Vote to ratify new collective agreement; back to work Wednesday
Striking airport workers in St. John’s will be back on the job for the first time in almost a year on Wednesday. Following up on a recommendation from its negotiation team, members of the Public Service Alliance of Canada’s (PSAC) Union of Canadian Transportation Employees Local 90916 voted 92 per cent in favour of accepting a new seven-year contract.
The vote to ratify a new collective agreement will put an end to a
10-month strike that was often contentious for both the union and the
St. John’s International Airport Authority (SJIAA). But now all parties will look to put that behind them and get back to work.
“It’s been a long time,” said Chris Bussey, a member of the negotiation team who also works at St. John’s International Airport. “It’s been a fairly difficult struggle, as I’m sure you can imagine, but it feels pretty good. I think we made some significant gains.”
Under the new collective agreement, employees will be paid at a level that reaches 92 per cent parity in comparison to what workers in similar jobs are paid at Halifax Stanfield International Airport. In a joint news release, PSAC and SJIAA indicated the agreement provides a weighted average pay increase of 39.5 per cent over its duration.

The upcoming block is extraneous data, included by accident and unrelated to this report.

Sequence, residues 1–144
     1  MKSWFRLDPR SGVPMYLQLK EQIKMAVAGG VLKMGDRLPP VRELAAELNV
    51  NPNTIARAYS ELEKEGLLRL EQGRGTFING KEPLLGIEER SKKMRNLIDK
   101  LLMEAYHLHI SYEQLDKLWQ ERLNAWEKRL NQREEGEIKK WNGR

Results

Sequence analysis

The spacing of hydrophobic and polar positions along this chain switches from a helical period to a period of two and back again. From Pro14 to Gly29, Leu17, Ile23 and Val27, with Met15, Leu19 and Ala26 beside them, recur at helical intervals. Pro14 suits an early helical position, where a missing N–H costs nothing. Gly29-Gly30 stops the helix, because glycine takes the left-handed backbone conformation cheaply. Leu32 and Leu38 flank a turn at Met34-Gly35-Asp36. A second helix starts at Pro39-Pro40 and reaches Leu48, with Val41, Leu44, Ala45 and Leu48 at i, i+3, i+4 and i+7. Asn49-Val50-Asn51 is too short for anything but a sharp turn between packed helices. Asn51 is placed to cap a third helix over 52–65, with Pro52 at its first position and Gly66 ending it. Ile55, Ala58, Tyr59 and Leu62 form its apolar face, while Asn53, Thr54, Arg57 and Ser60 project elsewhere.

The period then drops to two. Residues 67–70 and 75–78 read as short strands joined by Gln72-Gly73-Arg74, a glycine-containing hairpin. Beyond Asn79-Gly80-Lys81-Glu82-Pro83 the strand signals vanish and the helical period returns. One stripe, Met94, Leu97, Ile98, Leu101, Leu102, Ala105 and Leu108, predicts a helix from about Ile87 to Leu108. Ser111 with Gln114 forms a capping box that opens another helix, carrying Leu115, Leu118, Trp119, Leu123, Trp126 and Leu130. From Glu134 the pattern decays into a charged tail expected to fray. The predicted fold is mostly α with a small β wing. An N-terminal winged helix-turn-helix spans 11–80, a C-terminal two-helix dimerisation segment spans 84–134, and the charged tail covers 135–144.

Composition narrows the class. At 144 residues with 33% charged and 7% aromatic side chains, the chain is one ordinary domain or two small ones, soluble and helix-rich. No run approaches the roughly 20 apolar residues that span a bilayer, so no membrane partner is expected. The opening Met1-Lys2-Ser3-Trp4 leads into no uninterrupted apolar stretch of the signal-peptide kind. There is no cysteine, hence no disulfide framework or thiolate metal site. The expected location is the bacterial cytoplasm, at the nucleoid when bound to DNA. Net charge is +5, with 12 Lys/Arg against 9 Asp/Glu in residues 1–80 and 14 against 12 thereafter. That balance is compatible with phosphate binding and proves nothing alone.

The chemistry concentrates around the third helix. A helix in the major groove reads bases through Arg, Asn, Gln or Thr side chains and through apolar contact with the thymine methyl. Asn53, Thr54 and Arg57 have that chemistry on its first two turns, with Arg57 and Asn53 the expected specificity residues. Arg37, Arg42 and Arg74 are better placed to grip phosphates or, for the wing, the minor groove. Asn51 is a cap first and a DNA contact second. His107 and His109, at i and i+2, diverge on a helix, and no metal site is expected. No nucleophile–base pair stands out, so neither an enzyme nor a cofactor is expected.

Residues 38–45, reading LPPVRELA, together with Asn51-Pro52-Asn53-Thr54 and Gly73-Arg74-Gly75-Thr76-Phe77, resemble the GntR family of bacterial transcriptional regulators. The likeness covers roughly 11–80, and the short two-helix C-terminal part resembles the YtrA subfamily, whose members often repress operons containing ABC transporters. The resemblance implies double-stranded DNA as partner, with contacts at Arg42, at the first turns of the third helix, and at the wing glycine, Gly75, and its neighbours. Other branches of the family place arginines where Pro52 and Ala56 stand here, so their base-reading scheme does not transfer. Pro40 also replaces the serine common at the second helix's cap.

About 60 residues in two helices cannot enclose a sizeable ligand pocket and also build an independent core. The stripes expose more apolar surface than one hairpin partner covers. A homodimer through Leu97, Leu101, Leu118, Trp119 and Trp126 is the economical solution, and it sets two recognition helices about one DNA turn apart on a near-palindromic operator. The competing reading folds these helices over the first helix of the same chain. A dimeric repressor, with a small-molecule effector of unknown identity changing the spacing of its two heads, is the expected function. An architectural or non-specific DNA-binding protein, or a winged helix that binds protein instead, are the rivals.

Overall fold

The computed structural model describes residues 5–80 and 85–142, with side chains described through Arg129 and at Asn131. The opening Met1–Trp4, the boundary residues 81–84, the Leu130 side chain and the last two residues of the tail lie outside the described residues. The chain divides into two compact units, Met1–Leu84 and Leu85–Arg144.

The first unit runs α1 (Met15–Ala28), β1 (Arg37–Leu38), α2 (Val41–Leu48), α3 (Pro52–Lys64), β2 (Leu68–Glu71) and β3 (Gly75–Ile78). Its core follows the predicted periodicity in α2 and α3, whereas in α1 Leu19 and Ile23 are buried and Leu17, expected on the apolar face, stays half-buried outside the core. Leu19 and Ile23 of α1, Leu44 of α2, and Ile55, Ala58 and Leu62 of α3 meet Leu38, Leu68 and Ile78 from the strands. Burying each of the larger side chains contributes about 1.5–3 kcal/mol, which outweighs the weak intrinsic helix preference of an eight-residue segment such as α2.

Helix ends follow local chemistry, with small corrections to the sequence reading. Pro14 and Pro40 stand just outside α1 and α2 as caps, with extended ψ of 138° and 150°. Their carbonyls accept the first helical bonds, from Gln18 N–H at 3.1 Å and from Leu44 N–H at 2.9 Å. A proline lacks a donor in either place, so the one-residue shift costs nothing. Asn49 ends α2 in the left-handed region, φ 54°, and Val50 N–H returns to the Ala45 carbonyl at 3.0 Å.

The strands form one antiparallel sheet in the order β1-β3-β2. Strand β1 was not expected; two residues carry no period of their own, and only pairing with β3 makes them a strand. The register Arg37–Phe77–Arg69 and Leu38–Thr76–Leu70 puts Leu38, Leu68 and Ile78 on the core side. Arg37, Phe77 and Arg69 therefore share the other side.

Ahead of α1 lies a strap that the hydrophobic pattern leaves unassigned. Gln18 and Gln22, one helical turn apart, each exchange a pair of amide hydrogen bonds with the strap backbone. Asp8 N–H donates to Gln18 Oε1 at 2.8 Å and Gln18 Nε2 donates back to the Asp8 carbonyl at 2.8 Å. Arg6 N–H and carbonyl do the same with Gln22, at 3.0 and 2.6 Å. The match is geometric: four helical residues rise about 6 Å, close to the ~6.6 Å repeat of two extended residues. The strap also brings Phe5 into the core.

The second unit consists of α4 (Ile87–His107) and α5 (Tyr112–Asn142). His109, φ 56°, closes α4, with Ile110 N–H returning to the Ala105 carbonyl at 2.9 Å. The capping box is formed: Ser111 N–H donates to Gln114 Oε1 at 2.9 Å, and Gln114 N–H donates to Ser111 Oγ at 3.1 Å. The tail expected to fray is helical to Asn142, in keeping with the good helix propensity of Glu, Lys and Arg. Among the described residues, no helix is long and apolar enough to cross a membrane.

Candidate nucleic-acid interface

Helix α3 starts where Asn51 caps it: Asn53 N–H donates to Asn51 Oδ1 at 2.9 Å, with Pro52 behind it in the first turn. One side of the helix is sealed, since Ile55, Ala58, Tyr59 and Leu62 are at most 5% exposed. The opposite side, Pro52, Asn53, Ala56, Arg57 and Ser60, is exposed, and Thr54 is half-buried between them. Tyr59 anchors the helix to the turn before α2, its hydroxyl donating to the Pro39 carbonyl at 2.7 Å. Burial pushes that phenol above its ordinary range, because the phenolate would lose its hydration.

“The concessions that were on the table were mitigated to the point that we were very comfortable that the protections are still there for the union with regards to job security,” added Bussey.
“After 10 months, I think everybody is happy to go back to work and do what they do so well.”
SJIAA president and CEO Keith Collins was pleased to get the deal ratified.
“We are delighted to have reached a fair and reasonable settlement that achieves the best balance between the rights and interests of our employees and the authority’s responsibility to affordably manage our airport’s future,” said Collins in the joint news release with PSAC.
Bussey confirmed employees will return to work on Wednesday. Various reports indicated the strike involved approximately 85 maintenance workers, though only 60 union members took part in Monday’s vote.
The union’s last contract with SJIAA expired in 2009, meaning the seven-year contract will last until 2016.